ASB economists say the Reserve Bank 'sounds complacent' about the downside risks to inflation

ASB economists say the Reserve Bank 'sounds complacent' about the downside risks to inflation

By David Hargreaves

Cuts by the Reserve Bank to the Official Cash Rate can't come soon enough for economists at the ASB.

In the bank's Economic Weekly publication, chief economist Nick Tuffley says future rate cuts [taking the OCR from the current 2.5% to a probable new record low of 2%] are a question of timing, and when the RBNZ "crosses the fence into rate-cutting territory".

"[It] would be a u-turn of the tyre-shredding sort that has the Police impounding vehicles," if the RBNZ were to cut rates at its next review this Thursday, Tuffley says.

"Not much more than a month ago the RBNZ was defending its on-hold position, including making the observation that 'some commentators see a low headline inflation number and immediately advocate interest rate cuts'," he says

"Although weak inflation expectations show the risks to the inflation outlook have since piled up on the downside, it still seems too much of a hurdle for the RBNZ to have cleared the fence already."

Tuffley says this leaves April and June as the more likely timing for the next OCR cut. He says the RBNZ’s forecasts and the tone of the statement will – as usual – be key to divining just how close the RBNZ is to jumping the fence.

An April cut would appear more likely under outcomes such as: 90-day interest rate forecasts implying upwards of 50bp of future cuts; a high degree of concern over falling inflation expectations, or; phrasing such as “it is likely further policy stimulus will be necessary”, he says.

Signs that the RBNZ’s position is shifting only gradually would still leave June being more likely. "But April [28] will remain firmly live given the next CPI release will be out [on April 18] beforehand," Tuffley says.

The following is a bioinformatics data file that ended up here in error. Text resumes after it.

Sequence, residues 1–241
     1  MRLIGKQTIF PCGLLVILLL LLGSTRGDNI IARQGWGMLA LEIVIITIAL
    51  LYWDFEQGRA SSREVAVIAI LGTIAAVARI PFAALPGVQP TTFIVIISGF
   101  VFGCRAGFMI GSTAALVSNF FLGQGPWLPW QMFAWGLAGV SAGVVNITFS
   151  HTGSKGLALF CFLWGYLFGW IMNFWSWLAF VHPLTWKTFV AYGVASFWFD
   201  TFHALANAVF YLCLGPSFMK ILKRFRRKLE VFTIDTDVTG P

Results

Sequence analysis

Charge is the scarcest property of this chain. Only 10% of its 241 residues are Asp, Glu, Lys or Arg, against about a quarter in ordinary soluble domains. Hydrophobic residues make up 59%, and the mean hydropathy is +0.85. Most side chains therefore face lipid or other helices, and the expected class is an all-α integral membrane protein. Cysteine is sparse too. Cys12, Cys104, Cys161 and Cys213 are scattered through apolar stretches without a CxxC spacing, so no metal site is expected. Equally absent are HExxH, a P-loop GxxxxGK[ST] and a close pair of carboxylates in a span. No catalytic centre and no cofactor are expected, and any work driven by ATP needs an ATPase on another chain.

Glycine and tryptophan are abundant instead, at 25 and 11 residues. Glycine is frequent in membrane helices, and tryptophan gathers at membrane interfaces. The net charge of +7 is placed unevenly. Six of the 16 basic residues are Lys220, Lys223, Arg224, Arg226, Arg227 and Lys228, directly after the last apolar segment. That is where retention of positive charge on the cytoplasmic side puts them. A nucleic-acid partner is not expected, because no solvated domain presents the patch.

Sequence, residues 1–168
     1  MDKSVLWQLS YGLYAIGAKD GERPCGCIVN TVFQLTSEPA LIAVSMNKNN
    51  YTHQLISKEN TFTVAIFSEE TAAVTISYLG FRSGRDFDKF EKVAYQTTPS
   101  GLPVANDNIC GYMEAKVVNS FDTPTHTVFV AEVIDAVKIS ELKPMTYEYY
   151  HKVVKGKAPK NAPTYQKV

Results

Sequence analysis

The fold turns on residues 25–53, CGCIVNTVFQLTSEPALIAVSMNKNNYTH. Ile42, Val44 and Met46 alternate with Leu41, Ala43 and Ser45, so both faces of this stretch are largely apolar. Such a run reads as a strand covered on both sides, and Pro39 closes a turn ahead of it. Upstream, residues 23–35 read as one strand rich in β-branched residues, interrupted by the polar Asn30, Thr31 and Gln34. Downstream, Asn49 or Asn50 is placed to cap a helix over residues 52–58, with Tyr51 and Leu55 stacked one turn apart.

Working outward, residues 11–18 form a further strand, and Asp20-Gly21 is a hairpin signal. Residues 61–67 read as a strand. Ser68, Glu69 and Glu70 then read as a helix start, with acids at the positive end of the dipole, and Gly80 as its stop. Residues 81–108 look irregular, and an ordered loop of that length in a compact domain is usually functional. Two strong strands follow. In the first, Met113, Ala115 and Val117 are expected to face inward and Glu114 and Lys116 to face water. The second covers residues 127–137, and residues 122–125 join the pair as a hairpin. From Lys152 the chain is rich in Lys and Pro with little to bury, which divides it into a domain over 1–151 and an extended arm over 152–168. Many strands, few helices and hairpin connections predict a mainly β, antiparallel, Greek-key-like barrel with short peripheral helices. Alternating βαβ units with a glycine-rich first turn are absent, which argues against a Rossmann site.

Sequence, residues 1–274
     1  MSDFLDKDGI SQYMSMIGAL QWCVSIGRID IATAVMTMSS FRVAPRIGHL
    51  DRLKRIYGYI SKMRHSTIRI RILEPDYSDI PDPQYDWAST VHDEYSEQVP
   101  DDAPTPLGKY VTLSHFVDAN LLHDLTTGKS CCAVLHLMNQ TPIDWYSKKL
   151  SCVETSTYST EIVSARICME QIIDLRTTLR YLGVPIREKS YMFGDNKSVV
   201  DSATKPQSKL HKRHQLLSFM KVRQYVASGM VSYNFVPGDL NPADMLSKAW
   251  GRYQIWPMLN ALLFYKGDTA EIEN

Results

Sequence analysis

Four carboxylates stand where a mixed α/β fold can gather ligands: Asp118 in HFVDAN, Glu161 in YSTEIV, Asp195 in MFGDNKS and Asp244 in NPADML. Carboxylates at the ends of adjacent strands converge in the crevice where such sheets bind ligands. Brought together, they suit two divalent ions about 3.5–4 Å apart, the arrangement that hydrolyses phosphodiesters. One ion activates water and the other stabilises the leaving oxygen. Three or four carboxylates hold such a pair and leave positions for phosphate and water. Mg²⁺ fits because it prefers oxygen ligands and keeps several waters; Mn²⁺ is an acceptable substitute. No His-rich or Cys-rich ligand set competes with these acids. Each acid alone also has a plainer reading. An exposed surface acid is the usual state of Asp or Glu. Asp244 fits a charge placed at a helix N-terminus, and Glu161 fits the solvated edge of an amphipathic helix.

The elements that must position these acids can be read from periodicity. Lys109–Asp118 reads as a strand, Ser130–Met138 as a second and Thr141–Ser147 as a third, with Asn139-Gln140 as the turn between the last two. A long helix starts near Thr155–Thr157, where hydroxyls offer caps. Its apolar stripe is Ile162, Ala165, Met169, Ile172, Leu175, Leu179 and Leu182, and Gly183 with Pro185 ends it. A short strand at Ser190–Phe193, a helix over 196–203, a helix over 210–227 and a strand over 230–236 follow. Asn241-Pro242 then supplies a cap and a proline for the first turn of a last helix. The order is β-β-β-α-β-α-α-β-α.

"We think the sooner the RBNZ cuts the better. What has primarily held us back from predicting an earlier move than June has been how entrenched the RBNZ’s position has been in its public utterances this year to date.

"The RBNZ is heavily emphasising the flexibility of the inflation target and sounds complacent about the downside risks," Tuffley says.

"What troubles us is the ongoing risk that inflation remains more muted than expected. And, with inflation expectations hitting record lows in some measures, there is the growing risk that monetary policy becomes less effective in boosting inflation back to a more comfortable pace nearer 2%."

ANZ economists: 'A hat tip to the risks'

ANZ economists, who did their own u-turn last week to now expect further rate cuts this year, say in their weekly Market Focus that the RBNZ will on Thursday "give a hat tip to the risk profile and likely open the door further to the possibility of future interest rate cuts".

"But we doubt cuts are yet part of its central scenario. While that may disappoint some looking for a signal of imminent easing, there should still be enough in the language tweaks, scenarios and modestly lower bank bill profile to keep the market gunning for interest rate cuts this year."

The economists say the “right here and now” still looks pretty good for the economy, but the outlook from here "is a little darker, with risks aplenty".